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The Cathedral and the Bazaar

The Cathedral and the Bazaar

Linux is subversive. Who would have thought even five years ago (1991) that a world-class operating system
could coalesce as if by magic out of part-time hacking by several thousand developers scattered all over the
planet, connected only by the tenuous strands of the Internet?
Certainly not I. By the time Linux swam onto my radar screen in early 1993, I had already been involved in Unix
and open-source development for ten years. I was one of the first GNU contributors in the mid-1980s. I had
released a good deal of open-source software onto the net, developing or co-developing several programs
(nethack, Emacs's VC and GUD modes, xlife, and others) that are still in wide use today. I thought I knew how
it was done.
Linux overturned much of what I thought I knew. I had been preaching the Unix gospel of small tools, rapid
prototyping and evolutionary programming for years. But I also believed there was a certain critical complexity
above which a more centralized, a priori approach was required. I believed that the most important software
(operating systems and really large tools like the Emacs programming editor) needed to be built like cathedrals,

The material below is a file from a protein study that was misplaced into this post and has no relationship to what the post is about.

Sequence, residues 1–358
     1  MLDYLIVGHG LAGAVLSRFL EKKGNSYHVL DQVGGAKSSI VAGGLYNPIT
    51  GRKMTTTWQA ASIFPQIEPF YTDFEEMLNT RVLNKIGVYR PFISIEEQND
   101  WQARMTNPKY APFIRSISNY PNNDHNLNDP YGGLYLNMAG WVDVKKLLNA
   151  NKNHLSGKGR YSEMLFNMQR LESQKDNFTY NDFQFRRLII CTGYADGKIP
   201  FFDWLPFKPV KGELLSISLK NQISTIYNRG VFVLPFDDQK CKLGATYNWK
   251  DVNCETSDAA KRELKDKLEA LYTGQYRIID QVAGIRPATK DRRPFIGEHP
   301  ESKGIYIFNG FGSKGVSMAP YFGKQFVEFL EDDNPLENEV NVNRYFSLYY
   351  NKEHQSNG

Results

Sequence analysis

carefully crafted by individual wizards or small bands of mages working in splendid isolation, with no beta to be
released before its time.
Linus Torvalds's style of developmentrelease early and often, delegate everything you can, be open to the
point of promiscuitycame as a surprise. No quiet, reverent cathedral-building hererather, the Linux
community seemed to resemble a great babbling bazaar of differing agendas and approaches (aptly symbolized
by the Linux archive sites, who'd take submissions from anyone) out of which a coherent and stable system
could seemingly emerge only by a succession of miracles.
The fact that this bazaar style seemed to work, and work well, came as a distinct shock. As I learned my way
around, I worked hard not just at individual projects, but also at trying to understand why the Linux world not
only didn't fly apart in confusion but seemed to go from strength to strength at a speed barely imaginable to
By mid-1996 I thought I was beginning to understand. Chance handed me a perfect way to test my theory, in the
form of an open-source project that I could consciously try to run in the bazaar style. So I didand it was a
significant success.
This is the story of that project. I'll use it to propose some aphorisms about effective open-source development.
Not all of these are things I first learned in the Linux world, but we'll see how the Linux world gives them
particular point. If I'm correct, they'll help you understand exactly what it is that makes the Linux community such
a fountain of good softwareand, perhaps, they will help you become more productive yourself.



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